Falcons' Turner pessimistic about lighter workload under Koetter

Len Pasquarelli, The Sports Xchange
The SportsXchange

ATLANTA -- In his first year as the Atlanta Falcons' offensive coordinator, Dirk Koetter has preached a gospel of diversity, a vertical-based scheme that relies on getting the ball into the hands of a lot of different playmakers.
The public emphasis in the offseason has largely revolved around the passing game. The focus is on second-year veteran Julio Jones, if only because four-time Pro Bowl wide receiver Roddy White has suggested he will likely catch fewer passes in 2012.
But the diversity that Koetter has promised extends beyond just quarterback Matt Ryan and his talented corps of receivers. It refers, as well, to a running game that leans heavily on ninth-year tailback Michael Turner, and on the purported plan to reduce his workload this season.
One can pardon Turner, the NFL leader in rushing attempts over the past four seasons, if he seems at least a bit dubious.
"They always say that," noted Turner, who, in four years with the Falcons averaged 337.0 rushes in the three seasons in which he started more than 11 games.
Deeds, of course, speak louder than words in the NFL, as in all of life.
Turner, who turned 30 in February, is one of the curious skeptics anxious to see how Koetter's blueprint evolves.
In the first four seasons of his NFL career, with San Diego, Turner was the backup to LaDainian Tomlinson, essentially the equivalent to being Cal Ripken's understudy. He averaged 57.0 attempts per season, never registered more than 80 carries a year, and rubbed little tread off the tires.
Since signing with the Falcons in 2008 as a free agent, though, Turner has laid some serious rubber. His powerful running style has left cleat marks on the broken bodies of opposition defenders, but also peel-out evidence all over the Georgia Dome. As noted, Turner has logged 300-plus carries in three of his four seasons, the exception in 2009, when an ankle injury sidelined him for five games. During the same period, only five other backs have posted as many as two 300-carry campaigns.
Turner has averaged 20.2 carries in his 57 starts in a Falcons' uniform.
The raw numbers from last season -- 1,340 yards, 11 touchdowns, a healthy 4.5-yard average (after slumping to 4.1 yards in '10), a half-dozen 100-yard games -- suggest that Turner can still carry the load. But the empiricism aside, the perception of many scouts in the league was that Turner, even though he posted 11 runs of 20 yards or more, was slower to the hole in 2011. That was evident at times when he attempted to cut back, and defenders closed the gap on him quicker than in the past.
A rare combination of power and long speed, Turner is still capable of sprinting through a secondary, but seemed tardy in tight spaces. It is a notion he debunks, but the history of decline among 30-something tailbacks is harder to deny, and Koetter and the Falcons seem dead-set on getting other runners involved.
"We did it in Jacksonville," said Koetter, who spent the past five seasons serving as the Jaguars' offensive coordinator.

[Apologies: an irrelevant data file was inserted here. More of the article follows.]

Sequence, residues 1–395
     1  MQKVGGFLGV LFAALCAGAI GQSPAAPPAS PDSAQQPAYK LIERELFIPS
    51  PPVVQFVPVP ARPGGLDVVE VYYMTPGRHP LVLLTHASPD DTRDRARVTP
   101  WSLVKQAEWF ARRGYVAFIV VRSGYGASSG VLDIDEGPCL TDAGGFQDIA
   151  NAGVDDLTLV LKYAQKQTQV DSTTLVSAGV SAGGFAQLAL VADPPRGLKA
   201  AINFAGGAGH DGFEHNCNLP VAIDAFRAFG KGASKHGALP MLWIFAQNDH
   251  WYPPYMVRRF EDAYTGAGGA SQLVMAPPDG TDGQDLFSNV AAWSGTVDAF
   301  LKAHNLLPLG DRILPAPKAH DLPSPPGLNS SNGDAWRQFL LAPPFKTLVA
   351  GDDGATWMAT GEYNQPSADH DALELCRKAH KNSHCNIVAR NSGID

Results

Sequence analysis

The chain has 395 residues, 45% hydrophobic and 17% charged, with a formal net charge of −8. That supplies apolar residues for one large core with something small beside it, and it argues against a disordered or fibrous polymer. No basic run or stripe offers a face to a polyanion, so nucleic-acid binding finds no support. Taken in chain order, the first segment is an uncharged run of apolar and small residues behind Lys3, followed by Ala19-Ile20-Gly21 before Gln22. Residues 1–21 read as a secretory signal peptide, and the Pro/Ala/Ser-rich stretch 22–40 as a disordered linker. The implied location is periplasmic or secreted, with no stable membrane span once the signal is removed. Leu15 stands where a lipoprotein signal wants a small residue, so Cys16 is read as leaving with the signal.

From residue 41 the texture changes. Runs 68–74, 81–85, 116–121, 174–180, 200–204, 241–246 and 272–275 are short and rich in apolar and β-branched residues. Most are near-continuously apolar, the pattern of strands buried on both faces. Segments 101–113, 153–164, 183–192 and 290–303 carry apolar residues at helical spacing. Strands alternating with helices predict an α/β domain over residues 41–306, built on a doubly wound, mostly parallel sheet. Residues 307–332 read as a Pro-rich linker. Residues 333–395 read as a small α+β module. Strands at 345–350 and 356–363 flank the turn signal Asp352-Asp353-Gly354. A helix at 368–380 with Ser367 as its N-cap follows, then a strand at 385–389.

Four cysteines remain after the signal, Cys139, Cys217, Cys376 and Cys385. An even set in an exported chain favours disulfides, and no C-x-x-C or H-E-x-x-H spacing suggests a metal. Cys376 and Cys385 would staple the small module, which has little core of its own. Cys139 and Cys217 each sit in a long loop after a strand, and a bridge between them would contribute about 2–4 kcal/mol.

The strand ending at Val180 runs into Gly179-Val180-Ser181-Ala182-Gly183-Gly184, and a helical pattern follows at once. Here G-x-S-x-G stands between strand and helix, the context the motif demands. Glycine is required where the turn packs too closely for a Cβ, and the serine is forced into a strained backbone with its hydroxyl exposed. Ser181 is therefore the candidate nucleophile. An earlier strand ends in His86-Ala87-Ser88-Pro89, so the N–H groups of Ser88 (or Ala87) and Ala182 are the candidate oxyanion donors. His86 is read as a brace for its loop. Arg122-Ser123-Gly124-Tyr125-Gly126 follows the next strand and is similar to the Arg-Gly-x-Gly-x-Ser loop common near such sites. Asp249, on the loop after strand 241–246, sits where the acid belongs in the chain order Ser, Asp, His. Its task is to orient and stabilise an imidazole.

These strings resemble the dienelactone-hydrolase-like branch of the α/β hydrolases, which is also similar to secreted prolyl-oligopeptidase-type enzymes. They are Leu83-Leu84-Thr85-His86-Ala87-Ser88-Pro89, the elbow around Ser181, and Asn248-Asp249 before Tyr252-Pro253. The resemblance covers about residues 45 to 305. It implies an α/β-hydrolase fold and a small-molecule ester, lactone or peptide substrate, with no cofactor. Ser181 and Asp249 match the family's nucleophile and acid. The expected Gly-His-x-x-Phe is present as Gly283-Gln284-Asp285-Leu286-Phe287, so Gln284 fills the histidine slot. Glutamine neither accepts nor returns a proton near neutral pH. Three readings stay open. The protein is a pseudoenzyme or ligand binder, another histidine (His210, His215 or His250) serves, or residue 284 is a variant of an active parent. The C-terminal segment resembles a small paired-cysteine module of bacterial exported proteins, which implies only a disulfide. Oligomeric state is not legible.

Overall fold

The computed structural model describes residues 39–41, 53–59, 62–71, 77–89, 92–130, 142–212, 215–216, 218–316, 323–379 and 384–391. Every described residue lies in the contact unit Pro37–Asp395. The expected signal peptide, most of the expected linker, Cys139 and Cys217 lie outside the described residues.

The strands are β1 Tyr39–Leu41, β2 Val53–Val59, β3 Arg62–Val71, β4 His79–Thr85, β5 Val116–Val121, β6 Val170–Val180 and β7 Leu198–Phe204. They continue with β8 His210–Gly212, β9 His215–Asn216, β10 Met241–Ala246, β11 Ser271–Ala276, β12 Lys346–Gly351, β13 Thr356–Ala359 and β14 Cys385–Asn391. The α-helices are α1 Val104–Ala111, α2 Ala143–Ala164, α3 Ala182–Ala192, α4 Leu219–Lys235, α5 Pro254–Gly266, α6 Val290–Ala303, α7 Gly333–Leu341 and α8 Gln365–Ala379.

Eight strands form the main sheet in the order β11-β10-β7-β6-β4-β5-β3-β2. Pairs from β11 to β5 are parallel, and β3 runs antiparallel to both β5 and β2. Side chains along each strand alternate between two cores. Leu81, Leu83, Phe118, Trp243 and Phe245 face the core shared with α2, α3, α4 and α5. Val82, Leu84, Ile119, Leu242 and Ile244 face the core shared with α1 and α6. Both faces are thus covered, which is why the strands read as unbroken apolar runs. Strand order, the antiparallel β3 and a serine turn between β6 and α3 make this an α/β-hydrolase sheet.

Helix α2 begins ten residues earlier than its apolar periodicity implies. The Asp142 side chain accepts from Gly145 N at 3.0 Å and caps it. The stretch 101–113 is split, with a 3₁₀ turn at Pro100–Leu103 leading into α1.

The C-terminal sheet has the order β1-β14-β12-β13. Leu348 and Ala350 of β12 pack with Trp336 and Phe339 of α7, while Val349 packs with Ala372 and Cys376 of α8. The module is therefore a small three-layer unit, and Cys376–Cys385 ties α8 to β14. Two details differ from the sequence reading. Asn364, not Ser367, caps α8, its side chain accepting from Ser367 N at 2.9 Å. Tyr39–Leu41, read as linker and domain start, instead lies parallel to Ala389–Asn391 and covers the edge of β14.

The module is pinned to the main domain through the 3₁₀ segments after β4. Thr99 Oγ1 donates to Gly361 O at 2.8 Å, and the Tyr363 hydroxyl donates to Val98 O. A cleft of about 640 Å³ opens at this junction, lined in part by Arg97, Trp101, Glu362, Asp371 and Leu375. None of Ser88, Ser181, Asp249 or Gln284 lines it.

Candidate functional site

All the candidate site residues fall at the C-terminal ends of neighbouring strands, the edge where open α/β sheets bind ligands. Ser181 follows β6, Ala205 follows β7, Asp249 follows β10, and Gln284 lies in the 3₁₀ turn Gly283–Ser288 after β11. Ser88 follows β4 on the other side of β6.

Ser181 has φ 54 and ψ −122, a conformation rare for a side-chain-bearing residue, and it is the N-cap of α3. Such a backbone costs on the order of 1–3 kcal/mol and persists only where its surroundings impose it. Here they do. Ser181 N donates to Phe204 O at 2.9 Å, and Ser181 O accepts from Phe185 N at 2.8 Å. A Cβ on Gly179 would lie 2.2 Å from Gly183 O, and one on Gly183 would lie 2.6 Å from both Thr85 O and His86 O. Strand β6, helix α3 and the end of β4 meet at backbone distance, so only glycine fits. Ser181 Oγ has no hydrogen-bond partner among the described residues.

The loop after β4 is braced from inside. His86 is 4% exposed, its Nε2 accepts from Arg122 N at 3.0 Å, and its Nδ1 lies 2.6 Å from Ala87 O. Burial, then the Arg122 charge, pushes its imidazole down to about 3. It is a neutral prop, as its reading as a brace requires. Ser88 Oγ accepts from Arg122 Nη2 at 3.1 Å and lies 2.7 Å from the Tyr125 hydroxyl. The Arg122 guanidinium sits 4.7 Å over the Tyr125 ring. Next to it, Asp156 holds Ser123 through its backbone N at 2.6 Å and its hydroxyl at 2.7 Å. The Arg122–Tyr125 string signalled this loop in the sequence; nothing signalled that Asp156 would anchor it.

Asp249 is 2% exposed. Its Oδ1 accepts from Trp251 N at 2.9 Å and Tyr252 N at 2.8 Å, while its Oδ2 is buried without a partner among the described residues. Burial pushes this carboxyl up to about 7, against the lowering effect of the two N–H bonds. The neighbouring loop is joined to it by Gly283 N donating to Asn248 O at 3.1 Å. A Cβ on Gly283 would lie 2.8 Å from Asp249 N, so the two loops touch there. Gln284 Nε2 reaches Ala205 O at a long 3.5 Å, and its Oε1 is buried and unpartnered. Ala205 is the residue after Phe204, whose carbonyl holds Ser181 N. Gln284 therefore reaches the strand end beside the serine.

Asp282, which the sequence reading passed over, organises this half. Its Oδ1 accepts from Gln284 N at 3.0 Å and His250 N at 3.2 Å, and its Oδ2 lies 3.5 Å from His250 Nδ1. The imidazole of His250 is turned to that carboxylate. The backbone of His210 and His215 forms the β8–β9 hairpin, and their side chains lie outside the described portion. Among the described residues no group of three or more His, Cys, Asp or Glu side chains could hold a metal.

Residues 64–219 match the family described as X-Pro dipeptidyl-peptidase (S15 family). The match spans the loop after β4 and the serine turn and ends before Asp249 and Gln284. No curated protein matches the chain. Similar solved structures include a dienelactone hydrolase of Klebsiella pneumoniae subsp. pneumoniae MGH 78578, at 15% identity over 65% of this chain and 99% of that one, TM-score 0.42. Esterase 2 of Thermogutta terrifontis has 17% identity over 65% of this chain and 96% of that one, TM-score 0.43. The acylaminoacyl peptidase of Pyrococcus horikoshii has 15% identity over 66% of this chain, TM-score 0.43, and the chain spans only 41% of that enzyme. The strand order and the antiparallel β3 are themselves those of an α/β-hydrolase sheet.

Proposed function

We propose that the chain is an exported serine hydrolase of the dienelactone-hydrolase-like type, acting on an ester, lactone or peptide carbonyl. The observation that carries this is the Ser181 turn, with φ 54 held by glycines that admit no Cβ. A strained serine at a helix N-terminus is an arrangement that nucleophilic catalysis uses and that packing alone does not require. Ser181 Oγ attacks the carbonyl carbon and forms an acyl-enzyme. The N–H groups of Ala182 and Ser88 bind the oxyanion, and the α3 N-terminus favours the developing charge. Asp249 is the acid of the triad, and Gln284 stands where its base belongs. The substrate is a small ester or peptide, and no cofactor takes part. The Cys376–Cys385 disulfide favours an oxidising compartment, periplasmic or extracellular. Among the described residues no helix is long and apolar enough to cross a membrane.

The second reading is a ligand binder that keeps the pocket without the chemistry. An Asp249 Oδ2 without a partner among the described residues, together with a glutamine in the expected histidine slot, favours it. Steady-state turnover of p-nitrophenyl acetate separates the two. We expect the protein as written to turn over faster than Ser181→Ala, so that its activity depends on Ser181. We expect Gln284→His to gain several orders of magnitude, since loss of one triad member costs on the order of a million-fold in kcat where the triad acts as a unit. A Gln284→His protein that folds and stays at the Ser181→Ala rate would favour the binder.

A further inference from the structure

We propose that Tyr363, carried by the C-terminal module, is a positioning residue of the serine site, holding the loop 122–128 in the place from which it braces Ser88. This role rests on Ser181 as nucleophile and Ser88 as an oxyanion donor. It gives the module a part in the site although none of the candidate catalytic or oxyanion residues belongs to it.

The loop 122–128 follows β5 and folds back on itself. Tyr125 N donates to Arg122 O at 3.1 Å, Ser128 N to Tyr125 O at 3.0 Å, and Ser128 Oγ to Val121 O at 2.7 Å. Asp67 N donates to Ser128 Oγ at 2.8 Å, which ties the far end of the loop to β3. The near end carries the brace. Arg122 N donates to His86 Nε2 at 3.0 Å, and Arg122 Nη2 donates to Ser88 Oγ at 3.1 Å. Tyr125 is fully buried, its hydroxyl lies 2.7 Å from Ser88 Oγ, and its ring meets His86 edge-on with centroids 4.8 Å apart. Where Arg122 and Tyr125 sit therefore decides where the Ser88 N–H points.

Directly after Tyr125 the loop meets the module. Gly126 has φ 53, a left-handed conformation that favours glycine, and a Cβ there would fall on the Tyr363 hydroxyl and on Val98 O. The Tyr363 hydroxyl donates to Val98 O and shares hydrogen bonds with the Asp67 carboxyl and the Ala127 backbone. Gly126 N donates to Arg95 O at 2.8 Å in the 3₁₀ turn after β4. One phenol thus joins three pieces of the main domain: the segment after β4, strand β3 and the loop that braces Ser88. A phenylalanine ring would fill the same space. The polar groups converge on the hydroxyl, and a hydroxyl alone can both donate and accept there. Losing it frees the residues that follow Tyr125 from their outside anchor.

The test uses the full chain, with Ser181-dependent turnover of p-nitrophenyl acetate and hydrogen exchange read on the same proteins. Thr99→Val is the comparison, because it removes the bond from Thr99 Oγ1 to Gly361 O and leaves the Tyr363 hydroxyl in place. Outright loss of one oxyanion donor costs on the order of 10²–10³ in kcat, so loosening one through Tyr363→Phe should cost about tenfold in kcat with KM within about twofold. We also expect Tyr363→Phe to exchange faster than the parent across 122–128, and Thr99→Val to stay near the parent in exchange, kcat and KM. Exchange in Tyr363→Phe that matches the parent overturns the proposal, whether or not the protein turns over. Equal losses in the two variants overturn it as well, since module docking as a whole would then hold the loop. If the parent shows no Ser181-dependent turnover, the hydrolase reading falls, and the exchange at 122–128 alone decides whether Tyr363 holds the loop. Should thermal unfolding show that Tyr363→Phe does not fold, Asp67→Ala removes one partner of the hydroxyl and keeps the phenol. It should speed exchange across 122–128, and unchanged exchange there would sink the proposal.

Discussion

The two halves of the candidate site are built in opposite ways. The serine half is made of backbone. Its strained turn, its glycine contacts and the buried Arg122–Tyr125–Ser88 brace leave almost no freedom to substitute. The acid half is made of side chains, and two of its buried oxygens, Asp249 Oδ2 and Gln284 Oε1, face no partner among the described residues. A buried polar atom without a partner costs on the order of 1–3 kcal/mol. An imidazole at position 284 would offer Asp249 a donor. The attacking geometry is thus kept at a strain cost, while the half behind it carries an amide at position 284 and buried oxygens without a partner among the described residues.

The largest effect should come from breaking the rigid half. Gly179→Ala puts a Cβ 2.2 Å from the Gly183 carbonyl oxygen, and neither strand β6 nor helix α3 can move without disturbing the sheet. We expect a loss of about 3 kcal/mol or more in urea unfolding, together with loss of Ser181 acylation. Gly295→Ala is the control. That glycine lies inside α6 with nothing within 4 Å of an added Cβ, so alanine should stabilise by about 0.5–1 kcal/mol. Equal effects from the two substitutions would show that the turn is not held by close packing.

To some extent, that was the case, but largely when Koetter had Fred Taylor and Maurice Jones-Drew on the roster at the same time. With the departure of Taylor after the 2008 season, the Jacksonville running game plowed on the back of prized thoroughbred Jones-Drew, the NFL's reigning rushing champion. In the three years after Taylor's departure, MJD has averaged 318.0 rushes and accounted for 80.0 percent of the carries by Jacksonville backs.
That's even more than the 75.4 percent accounted for by Turner in his three healthy seasons in Atlanta.
No Jacksonville back beyond Jones-Drew has logged more than 84 carries over the past three seasons.
It's fair to note that just rushing attempts alone aren't the only way in which Koetter plans to relax Turner's burden. The Falcons will be more vertical than in the past under former coordinator Mike Mularkey, ironically now the Jacksonville head coach.
White, who has five straight seasons of 80-plus receptions, including two consecutive years with 100 or more catches, probably will abdicate some of the workload to the explosive Jones. Atlanta will spread the field more. And the Falcons, for years one of the NFL's worst screen-pass teams, figure to throw the ball to the backs more in 2012.
The last two elements should contribute to creating wider creases, and more inside running room, for Turner. To truly reduce the physical attrition, though, Koetter must develop a second reliable back, and that will be a priority in training camp next month for the new coordinator.
The two candidates, Jason Snelling and Jacquizz Rodgers, are intriguing guys, but have only one 100-carry season between them. That came in 2009, when Turner was injured and Snelling got 142 attempts. Snelling, who sometimes doubles as a fullback, is the more workmanlike of the two, but a very good receiver. The undersized Rodgers had only 57 rushes as a rookie in 2011, but possesses home-run potential, and the ability to create big plays in space.
Twenty-three teams had at least two backs with 100 rushes each in 2011. The NFL is evolving not so much into a tailback-by-committee league, but one in which there is at least some modicum of diversity.
For the Koetter design to work, perhaps for the Falcons to become more than just a playoff contender and to maybe extend Turner's career, the time-sharing plan has to be more than merely articulated.
What the Falcons "always say," in the words of Turner, has to be a point of emphasis, not just a talking point.

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